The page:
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Council Approves Ballot Measure Requiring Super-Majority Vote on Development
By Jorge Casuso
June 28, 2018 -- In an effort to quell Santa Monica's development wars, the City Council on Tuesday voted to place a measure on the November ballot that would require a super-majority vote to make changes to the City's zoning standards.
The proposed Charter Amendment -- which would sunset in 10 years -- would have no impact on proposed developments currently in the planning pipeline ("Super-Majority' Ballot Measure Would Have No Impact on Proposed Developments," June 21, 2018).
Instead, it is meant to send a clear message that the Council will stick to the City's Land Use and Circulation Element (LUCE) and zoning code that took years to update, its sponsors said.
"We have a plan," said Himmelricch, who co-sponsored the motion. "By making the rules and sticking to them, it creates a somewhat more placid atmosphere.
"A super-majority will cause developers to up their ante. When a project is a good project, it is unanimous."
Co-sponsor Kevin McKeown, who like Himmelrich is up for re-election, said the measure "has been misunderstood and mischaracterized."
"It's intended to create a lull in the development wars," McKeown said. "Most of the developments that have caused great consternation have been approved on 4 to 3 votes."
Councilmembers Gleam Davis and Terry O'Day -- who voted against the measure -- argued it could escalate rather than diffuse the tensions surrounding development.
"It's putting the divisive issue of development on the ballot," Davis said. "Now we are voluntarily inviting development wars."
"The circus is coming to town," said O'Day, "and here's the sideshow for fighting over development.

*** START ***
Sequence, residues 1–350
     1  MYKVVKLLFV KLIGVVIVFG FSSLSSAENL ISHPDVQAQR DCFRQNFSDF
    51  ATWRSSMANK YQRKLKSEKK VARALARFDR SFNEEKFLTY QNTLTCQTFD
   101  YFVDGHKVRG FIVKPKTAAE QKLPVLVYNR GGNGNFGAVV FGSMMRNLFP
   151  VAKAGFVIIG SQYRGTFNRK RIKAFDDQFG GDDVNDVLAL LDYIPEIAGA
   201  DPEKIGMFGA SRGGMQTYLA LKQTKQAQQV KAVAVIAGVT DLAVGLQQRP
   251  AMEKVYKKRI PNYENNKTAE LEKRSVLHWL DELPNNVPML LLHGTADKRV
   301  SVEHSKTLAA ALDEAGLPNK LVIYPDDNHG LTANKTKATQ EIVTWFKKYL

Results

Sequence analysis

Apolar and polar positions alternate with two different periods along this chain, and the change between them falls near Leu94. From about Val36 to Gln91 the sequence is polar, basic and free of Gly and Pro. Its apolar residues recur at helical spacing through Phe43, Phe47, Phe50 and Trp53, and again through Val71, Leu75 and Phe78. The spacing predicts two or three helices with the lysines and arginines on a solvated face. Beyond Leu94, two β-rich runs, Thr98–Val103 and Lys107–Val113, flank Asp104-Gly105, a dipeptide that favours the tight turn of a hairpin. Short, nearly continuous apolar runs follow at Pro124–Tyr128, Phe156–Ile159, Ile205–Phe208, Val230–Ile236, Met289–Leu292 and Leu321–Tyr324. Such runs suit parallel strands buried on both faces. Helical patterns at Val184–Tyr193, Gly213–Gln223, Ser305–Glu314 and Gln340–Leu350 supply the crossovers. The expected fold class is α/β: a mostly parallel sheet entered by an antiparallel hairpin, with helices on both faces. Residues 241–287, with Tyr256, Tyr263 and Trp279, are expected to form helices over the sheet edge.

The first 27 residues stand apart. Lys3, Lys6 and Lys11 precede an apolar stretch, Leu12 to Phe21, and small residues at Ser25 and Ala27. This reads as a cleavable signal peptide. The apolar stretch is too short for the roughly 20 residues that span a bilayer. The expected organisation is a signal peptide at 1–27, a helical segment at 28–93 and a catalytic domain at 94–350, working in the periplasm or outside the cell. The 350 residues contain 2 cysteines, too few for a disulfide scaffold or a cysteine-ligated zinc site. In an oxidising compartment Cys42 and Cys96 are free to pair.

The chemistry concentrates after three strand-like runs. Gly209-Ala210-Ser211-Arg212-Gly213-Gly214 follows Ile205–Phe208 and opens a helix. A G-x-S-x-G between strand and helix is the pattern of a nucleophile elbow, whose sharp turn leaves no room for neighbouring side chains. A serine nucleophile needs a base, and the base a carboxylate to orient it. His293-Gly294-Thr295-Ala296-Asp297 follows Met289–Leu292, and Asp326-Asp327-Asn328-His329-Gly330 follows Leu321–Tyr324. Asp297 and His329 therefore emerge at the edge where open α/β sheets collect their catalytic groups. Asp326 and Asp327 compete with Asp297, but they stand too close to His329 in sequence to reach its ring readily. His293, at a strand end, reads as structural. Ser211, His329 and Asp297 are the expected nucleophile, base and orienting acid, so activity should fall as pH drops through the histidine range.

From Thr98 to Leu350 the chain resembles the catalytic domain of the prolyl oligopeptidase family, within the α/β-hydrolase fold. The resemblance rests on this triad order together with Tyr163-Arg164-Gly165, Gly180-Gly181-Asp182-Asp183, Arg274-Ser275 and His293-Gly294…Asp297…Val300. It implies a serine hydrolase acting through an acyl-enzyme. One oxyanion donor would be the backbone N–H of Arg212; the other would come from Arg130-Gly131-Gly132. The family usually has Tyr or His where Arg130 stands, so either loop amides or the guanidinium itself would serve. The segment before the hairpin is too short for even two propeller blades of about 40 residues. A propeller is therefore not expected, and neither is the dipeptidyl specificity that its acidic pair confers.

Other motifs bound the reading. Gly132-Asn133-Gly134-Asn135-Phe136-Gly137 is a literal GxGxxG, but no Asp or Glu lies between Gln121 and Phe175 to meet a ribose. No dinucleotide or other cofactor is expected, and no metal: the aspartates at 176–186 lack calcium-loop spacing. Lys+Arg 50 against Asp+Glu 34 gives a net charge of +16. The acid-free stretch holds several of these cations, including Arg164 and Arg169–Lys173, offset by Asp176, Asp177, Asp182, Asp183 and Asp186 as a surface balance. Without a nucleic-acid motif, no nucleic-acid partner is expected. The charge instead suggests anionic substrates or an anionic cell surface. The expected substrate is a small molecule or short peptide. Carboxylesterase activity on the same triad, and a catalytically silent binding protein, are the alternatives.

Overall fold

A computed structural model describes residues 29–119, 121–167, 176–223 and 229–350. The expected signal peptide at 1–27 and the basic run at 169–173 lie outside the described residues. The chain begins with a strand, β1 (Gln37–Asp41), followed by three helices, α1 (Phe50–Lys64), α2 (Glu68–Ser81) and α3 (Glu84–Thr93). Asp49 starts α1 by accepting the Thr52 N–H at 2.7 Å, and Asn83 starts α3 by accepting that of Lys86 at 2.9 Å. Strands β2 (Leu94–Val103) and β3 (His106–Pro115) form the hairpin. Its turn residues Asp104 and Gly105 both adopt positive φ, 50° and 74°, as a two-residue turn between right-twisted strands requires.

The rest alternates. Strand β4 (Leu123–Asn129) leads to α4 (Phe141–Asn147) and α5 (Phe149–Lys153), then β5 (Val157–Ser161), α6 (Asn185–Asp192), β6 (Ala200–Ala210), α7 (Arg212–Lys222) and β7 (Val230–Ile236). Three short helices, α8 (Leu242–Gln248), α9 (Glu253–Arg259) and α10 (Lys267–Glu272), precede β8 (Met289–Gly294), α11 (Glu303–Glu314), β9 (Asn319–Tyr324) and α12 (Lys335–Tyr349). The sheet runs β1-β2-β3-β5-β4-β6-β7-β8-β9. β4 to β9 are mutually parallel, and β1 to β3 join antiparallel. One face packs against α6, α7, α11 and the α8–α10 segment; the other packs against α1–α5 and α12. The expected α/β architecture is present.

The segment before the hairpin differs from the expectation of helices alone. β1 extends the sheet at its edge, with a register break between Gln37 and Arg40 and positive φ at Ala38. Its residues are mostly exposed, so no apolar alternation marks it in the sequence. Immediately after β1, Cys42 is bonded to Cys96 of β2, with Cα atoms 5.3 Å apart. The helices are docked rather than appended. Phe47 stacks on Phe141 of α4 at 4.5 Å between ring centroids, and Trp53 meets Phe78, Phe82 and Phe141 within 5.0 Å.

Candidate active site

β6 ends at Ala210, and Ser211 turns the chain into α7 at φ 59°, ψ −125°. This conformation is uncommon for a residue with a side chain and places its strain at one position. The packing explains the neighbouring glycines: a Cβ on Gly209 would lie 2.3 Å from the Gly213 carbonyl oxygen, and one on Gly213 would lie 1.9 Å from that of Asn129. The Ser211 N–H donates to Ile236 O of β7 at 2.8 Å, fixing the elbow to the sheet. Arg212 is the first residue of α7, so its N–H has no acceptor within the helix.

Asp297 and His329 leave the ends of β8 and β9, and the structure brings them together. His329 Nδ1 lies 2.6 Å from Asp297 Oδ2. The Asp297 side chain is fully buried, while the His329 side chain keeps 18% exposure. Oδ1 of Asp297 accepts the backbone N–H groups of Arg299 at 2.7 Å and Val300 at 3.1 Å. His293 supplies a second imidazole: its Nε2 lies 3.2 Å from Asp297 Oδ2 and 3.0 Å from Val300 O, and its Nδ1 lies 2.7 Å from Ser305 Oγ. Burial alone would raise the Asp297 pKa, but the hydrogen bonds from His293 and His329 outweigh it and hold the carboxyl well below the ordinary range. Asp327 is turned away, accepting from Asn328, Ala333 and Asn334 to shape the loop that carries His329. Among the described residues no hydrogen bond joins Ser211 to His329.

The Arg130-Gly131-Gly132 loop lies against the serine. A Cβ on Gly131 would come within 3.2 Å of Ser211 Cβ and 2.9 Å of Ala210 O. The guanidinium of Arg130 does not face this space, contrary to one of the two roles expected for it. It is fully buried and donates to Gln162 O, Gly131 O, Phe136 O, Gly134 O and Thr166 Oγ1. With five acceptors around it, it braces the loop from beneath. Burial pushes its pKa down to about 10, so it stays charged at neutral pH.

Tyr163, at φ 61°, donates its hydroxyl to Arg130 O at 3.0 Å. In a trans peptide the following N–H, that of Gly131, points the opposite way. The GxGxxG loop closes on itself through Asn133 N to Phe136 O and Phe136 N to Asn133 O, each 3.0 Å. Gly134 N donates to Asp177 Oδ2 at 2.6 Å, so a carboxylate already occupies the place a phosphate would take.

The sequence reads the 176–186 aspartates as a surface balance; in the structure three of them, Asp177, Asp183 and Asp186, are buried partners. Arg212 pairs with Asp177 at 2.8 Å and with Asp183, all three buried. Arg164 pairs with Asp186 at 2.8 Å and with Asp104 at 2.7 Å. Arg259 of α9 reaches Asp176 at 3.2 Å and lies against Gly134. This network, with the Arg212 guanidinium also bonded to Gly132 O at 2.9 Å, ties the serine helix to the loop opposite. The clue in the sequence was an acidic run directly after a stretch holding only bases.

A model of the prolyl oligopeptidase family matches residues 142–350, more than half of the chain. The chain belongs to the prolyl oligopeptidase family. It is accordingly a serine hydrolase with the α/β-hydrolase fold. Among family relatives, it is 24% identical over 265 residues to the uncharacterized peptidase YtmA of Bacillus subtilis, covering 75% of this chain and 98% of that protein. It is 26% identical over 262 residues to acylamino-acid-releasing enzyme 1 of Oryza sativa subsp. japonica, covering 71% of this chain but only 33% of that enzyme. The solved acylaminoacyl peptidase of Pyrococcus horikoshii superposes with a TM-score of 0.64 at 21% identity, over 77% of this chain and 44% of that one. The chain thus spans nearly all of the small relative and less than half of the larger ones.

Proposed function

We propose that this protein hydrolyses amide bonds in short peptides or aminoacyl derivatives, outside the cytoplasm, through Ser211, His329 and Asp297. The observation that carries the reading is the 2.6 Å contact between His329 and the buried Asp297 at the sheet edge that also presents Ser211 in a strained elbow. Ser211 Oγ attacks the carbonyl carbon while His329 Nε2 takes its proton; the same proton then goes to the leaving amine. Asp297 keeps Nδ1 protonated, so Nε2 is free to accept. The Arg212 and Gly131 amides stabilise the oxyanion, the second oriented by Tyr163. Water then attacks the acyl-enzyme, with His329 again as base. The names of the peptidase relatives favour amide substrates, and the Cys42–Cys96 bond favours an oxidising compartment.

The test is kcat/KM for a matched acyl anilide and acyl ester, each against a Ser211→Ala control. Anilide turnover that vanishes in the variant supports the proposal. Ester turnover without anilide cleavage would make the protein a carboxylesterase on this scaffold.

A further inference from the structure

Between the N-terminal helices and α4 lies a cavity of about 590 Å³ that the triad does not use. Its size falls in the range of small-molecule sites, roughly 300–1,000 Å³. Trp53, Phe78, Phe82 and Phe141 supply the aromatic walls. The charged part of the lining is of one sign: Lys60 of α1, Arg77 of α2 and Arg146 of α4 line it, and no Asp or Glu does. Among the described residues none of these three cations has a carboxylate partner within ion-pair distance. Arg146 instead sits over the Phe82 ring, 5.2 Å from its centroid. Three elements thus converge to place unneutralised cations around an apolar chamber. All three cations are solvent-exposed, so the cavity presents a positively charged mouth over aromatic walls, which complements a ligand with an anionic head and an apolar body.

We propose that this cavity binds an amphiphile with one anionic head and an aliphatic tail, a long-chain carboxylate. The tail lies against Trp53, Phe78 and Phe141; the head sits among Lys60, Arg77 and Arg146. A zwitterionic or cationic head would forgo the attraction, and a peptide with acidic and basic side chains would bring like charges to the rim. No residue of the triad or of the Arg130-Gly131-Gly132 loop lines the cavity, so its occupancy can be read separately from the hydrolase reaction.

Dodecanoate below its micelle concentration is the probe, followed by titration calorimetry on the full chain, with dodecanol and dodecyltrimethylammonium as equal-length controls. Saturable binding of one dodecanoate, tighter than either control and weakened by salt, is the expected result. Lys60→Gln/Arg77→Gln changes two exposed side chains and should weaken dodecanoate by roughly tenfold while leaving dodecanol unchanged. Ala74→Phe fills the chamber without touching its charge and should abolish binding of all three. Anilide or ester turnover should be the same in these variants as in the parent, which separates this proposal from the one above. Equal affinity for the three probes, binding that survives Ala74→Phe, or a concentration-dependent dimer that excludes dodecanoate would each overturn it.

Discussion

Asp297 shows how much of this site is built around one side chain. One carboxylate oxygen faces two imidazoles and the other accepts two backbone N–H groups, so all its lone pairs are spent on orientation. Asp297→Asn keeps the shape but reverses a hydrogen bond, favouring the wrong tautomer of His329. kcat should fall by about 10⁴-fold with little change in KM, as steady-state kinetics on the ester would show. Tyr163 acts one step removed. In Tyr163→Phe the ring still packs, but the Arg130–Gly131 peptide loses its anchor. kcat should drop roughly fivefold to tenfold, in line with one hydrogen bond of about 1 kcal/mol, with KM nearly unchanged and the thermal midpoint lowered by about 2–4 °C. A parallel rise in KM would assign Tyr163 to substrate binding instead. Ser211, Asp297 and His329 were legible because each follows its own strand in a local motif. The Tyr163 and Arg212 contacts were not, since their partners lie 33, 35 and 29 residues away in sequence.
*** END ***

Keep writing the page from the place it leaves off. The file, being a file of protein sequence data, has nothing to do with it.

"It's nonsensical," he added. "We're really going out on a limb."
Before the 4 to 2 vote, the Council tweaked staff's proposed initiative to ensure all seven council members would not need to be present for a super-majority vote.
The proposed measure will require a super-majority when all members of the City Council "eligible to vote" are present.
The difficulty of obtaining a super-majority was illustrated when the Council added an exemption for development projects on School District property.
McKeown, who is retiring after 25 years as a computer consultant for the District, was forced to recuse himself when the friendly amendment was made.
Vazquez also recused himself because his wife is a School Board member.
With Council member Pam O'Connor absent, that left four members on the dais.
Davis and O'Day, who opposed the main motion, voted to add the school district exemption.
The District is not expected to propose any new projects in the near future.
According to staff, the proposed measure likely would only impact proposed changes to zoning standards in the Memorial Park Neighborhood and the Santa Monica Business Park at the Airport, staff said.
The measure exempts 100 percent affordable housing projects, a exemption Davis called "meaningless" that "just makes us feel better about a bad idea."
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